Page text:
Defendants filed a timely appeal after this first trial, challenging inter alia the sufficiency of the evidence at the summary judgment stage, the sufficiency of the evidence at trial, the severance of plaintiffs into four groups, the district court's denial of qualified immunity, numerous evidentiary rulings, the court's active participation at trial, the damage award, and the court's application of non-mutual offensive collateral estoppel. Plaintiffs cross-appealed from the district court's denial of an injunction ordering the reinstatement of all plaintiffs.
Acevedo I and Acevedo II provide a lengthy exposition of the background facts in this case. See Acevedo II, 204 F.3d at 4-7; Acevedo I, 30 F.Supp.2d at 143-45. We summarize those facts here, and supplement our recitation with an overview of the post-Acevedo II developments. 3
A. Stipulated and Undisputed Facts
Defendant Vera, representing the Popular Democratic Party ("PDP"), won the November 1996 mayoral election in Adjuntas, and appointed Defendant Gonzalez, a fellow PDP member, to be the Director of Human Resources on January 14, 1997. Vera and Gonzalez inherited a municipal government whose ranks were swelled by
115 new hires during the seven-year administration of Rigoberto Ramos, Vera's predecessor, and a member of the rival New Progressive Party ("NPP"). Of those 115 employees, only 2 were affiliated with the PDP. By January 1997, the municipality employed 229 regular employees, and the parties stipulated prior to trial that "many departments were so overstaffed that some employees did not have desks."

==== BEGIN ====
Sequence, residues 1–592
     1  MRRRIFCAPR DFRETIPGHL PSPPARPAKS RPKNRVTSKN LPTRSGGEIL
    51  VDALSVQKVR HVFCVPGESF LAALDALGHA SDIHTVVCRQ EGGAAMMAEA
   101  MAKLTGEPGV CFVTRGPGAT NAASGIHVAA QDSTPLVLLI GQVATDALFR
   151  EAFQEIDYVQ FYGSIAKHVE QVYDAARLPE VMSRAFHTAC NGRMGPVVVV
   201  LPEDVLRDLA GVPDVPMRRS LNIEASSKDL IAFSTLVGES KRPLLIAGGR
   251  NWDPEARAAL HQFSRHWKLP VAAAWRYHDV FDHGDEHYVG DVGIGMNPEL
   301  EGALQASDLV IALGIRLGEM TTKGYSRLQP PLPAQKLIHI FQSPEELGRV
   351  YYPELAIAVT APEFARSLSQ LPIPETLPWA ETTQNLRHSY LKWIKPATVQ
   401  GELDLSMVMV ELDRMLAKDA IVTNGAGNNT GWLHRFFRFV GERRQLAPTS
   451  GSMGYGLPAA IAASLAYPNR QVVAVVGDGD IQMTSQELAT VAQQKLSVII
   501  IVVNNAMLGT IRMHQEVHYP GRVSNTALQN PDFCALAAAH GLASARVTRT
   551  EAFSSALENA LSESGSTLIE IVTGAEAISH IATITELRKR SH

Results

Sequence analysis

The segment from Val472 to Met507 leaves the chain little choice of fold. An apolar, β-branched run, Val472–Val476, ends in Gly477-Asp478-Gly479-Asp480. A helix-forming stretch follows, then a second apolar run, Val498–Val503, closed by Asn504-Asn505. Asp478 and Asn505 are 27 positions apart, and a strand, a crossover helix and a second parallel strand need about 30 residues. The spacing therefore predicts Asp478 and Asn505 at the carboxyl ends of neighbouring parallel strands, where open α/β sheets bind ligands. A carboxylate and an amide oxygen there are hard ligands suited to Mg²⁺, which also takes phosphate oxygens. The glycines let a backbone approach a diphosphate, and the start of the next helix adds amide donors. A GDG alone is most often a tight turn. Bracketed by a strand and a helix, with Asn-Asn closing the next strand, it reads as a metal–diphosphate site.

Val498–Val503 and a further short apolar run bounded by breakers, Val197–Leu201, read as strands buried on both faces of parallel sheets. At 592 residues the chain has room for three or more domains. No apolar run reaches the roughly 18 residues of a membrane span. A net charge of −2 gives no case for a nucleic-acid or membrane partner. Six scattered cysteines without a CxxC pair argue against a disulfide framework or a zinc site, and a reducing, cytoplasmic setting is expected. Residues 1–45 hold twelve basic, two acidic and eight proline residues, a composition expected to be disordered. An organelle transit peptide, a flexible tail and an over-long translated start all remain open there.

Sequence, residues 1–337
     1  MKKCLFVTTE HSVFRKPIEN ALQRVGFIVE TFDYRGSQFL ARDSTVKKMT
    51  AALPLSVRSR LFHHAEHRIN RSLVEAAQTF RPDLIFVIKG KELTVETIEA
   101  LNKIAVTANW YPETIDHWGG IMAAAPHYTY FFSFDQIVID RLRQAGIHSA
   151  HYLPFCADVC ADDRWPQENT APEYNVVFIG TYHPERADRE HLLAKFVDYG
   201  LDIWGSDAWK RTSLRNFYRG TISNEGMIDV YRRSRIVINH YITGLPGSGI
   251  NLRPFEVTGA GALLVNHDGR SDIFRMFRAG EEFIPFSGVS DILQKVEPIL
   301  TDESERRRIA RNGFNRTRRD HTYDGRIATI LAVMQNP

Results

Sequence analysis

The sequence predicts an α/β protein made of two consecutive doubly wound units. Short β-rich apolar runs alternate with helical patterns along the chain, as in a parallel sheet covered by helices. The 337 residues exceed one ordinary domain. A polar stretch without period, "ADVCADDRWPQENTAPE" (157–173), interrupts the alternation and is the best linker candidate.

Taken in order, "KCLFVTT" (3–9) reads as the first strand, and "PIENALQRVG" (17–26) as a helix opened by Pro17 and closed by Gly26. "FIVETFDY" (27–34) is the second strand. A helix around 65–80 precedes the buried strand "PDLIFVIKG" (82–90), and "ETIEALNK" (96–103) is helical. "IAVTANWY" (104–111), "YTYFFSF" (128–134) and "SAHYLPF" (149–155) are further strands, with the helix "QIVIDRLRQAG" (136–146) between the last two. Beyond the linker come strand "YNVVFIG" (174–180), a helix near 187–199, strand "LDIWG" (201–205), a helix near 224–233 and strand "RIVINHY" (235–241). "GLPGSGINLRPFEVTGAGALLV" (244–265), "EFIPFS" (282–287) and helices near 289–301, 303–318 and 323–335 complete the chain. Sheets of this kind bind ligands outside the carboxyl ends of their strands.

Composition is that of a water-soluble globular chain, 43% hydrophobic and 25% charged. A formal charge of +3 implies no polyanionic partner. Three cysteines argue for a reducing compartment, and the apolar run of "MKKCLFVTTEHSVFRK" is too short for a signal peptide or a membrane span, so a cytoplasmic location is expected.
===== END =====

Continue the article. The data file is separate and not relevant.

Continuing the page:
On April 30, 1996, the Puerto Rico Comptroller's Office published an audit report, M-96-14, indicating that Adjuntas had accrued annual budget deficits of at least $1,000,000 from 1985 to 1990. After Vera took office in January 1997, he commissioned a second financial audit of the municipality by Reinaldo Ramirez, a certified public accountant. Ramirez presented his report on May 8, 1997, informing city officials that the municipality had a budget deficit of over $5,000,000 and long term debts totaling more than $2,000,000. Anticipating this unwelcome news, Vera had previously hired a Human Resources Consulting firm in February 1997 to prepare a "Layoff Plan for Municipality of Adjuntas Employees" (the "Plan"). The consultants completed the Plan in March 1997, and it received approval from the Adjuntas Municipal Assembly on April 2, 1997 (as required under Puerto Rico's Autonomous Municipalities Act). See 21 P.R. Laws Ann. § 4551, as amended (1995) ("Law 81"). On April 11, 1997, a copy of the Plan was circulated to every municipal employee.